This project is now up and running, and has been active for about a month, so I thought it was about time to post an update.

What we have so far:

  • Github — this is where our source code lives, along with most of our project management. Take a look at our dev branch for active development, also our wiki (note: moving to self-hosted soon) and issue tracker, especially this iteration’s stories (see notes below on development process).
  • Mailing list — most of our interaction happens here, strongly recommended to join if you want to take part in the development of the site. We need technical and non-technical people, coders and gardeners. If you’re interested in having input into what Growstuff will be, you should probably be on this.
  • Dreamwidth community/project blog — Dreamwidth and its inclusive development community are inspirations for Growstuff, and many of our contributors already have accounts there. The Dreamwidth community operates, to some extent, as the project’s blog, and has an RSS feed you can follow if you don’t already use Dreamwidth. It’s low-traffic and often gets highlights and important points crossposted from the mailing list. Note that if you don’t have a DW account you can still comment anonymously or using OpenID.
  • IRC channel – realtime chat room for anyone interested in the project. If you are already familiar with IRC, it’s #growstuff on, otherwise see the linked page for more information on connecting.
  • Twitter — if you want to follow us for occasional updates on that platform.
  • Server hosting with a provider that uses 100% renewable energy — geothermal, actually, as they’re based in Iceland. This is part of our commitment to sustainability.
  • Placeholder website on — there’s nothing much there, but I link this so that if you want to tell people about it, it’s somewhere to send them.
  • License (AGPL3+) — Growstuff is free, open source software. Our license choice allows anyone to use or build on our work, but they must use the same license for what they do. Our data about crops, once we have the site up and running, will be under the roughly equivalent CC-BY-SA.
  • Community guidelines — we wanted to get this in place from the start so everyone would know the groundrules. These apply to all project-related forums.

Most importantly, we already have a team of people who are working on building this thing. I wanted to talk briefly about our development process, because I think it’s unusual. We’re using an agile development methodology called Extreme Programming. XP consists of a collection of practices including:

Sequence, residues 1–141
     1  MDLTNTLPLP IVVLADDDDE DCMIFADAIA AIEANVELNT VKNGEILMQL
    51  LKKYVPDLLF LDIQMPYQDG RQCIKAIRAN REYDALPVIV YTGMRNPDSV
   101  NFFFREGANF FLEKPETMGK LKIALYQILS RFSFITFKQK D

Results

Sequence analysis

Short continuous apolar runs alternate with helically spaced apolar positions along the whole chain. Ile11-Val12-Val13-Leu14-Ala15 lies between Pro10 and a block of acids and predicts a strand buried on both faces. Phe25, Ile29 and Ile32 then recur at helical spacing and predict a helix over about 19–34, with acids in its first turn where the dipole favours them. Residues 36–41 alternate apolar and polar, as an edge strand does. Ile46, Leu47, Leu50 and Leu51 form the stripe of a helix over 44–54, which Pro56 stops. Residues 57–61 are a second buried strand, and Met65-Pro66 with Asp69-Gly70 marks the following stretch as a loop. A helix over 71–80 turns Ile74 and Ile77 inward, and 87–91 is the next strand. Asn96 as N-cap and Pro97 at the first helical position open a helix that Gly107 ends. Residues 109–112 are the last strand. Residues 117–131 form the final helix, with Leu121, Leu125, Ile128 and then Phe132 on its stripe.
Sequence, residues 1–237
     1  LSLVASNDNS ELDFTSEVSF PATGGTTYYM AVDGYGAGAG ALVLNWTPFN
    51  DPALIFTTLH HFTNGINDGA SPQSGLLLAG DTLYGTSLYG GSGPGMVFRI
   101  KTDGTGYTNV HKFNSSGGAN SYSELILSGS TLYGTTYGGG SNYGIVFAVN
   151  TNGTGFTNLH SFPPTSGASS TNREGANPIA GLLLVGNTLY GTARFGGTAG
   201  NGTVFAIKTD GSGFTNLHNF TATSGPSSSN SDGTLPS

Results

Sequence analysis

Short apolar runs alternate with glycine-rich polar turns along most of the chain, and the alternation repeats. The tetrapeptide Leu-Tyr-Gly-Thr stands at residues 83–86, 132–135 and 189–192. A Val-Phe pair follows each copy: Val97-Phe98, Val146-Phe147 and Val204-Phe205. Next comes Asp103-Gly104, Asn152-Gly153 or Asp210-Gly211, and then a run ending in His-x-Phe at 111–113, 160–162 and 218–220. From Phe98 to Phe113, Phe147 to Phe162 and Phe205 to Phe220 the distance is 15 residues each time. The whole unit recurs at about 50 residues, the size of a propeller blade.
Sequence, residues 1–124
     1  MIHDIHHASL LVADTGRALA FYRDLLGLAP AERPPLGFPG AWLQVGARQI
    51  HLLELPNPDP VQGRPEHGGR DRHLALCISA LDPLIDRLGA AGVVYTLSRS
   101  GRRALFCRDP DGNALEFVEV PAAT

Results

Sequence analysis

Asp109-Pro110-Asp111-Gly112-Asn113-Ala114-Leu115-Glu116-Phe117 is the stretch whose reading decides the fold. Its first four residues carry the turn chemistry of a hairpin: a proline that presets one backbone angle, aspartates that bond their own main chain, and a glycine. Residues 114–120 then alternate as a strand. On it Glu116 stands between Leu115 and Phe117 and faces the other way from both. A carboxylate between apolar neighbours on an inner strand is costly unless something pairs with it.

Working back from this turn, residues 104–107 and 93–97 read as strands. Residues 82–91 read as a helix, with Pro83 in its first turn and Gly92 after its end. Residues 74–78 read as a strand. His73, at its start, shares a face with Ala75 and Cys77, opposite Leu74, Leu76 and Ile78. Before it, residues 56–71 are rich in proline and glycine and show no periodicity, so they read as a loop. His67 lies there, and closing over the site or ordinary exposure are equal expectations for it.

• sustainable pace
  • constant involvement of the customer (in our case, gardeners)
  • simple design focused on present needs
  • pair programming
  • test-driven development
  • continuous integration
  • short release cycles

XP isn’t often used by remote teams or by open source projects, but we’re taking a shot at it because it’s such a good fit with our community’s goals. It’s been a bit rocky trying to get things going at first, but we are currently in our second iteration, and as I am travelling around Europe (currently in London) I’ve had the opportunity to meet and pair-program with a few of our developers on different tasks. It’s amazing how much more productive, and more fun, it’s been to work on stuff with other people, especially as we’re learning the development stack. This is my first “real” Rails project, though I’ve played with it before. If it weren’t for pair programming, I would have been spending a lot of time pounding my head on my keyboard in frustration as I tried to figure out how everything fits together. For other contributors, it’s their first open source project, or first time sysadmining, or first time writing unit tests, but since we have people who know all these things, we can use pair programming to help spread that knowledge around. For those who can’t pair face to face, we make sure that the two people assigned to each story can work together online, co-ordinating via email and/or using tools like tmux and voice chat to share their work.

Right now, we’d love to more people to join us. If you have Rails experience (and experience with all the related technologies, like RSpec and Capistrano and so on) that would be great, but we’ll also welcome inexperienced developers who are keen and want to learn, or non-developers who’d like to be involved by sharing their gardening knowledge and helping us understand what you’d want from a site like this.

If you’d like to help us build, please join our mailing list.

Fresh links for July 27th through August 31st